Myth 1: Horses with blue eyes have more eye problems.  A horse with a "blue" eye actually has a blue iris.  The iris is the colored part of the inside of the eye surrounding the pupil.  While humans have an astonishing number of normal colors, horses typically have one of two: blue or brown.  Some horses have irises that are both brown and blue; the medical term for a two-colored iris is "heterochromiairidis."  These are more common in horses with patterned coats such as Paints and Appaloosas.  Blue irises are usually seen in horses with light-colored coats such as cremellos. Having a blue iris, however, does not make a horse any more likely to have intraocular problems, including equine recurrent uveitis (ERU).
   Coat color, on the other hand, can be associated with eye problems.  For instance, leopard Appaloosas are more likely to have difficulty seeing in the dark (if affected by a condition called stationary congenital night blindness), and chocolate-colored Rocky Mountain Horses are more likely to have multiple intraocular abnormalities, including blinding conditions such as retinal detachment.  In these cases genetics are responsible for the relationship between breed, coat color, and eye diseases.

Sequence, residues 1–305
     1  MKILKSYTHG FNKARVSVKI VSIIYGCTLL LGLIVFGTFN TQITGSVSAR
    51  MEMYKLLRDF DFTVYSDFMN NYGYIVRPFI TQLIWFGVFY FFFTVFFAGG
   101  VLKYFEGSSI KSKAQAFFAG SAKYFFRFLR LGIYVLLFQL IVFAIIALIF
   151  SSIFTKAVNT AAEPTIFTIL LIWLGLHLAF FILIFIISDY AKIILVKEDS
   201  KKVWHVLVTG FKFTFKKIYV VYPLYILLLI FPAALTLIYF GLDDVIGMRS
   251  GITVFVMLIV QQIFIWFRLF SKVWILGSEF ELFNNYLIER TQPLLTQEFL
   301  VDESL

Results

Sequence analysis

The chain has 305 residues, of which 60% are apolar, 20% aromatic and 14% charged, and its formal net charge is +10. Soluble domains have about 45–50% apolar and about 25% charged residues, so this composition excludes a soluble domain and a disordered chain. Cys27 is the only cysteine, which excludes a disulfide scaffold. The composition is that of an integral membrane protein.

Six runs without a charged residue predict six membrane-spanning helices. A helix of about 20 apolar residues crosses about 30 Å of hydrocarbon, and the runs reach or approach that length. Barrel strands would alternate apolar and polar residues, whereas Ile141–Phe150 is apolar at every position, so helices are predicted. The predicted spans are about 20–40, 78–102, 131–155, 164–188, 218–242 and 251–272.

While having a blue iris might not make a horse more likely to have an eye disease, blue irises usually go hand in hand with pink skin.  One of the most important known risk factors for developing squamous cell carcinoma (SCC, a form of skin cancer) is pink skin.  Thus, horses with pink eyelids are more likely to get SCC.  No relationship has been documented, however, between blue irises and SCC.  Protect  horses with pink eyelids or excessive white on his face from ultraviolet (UV) light exposure (e.g., with a UV-blocking fly mask).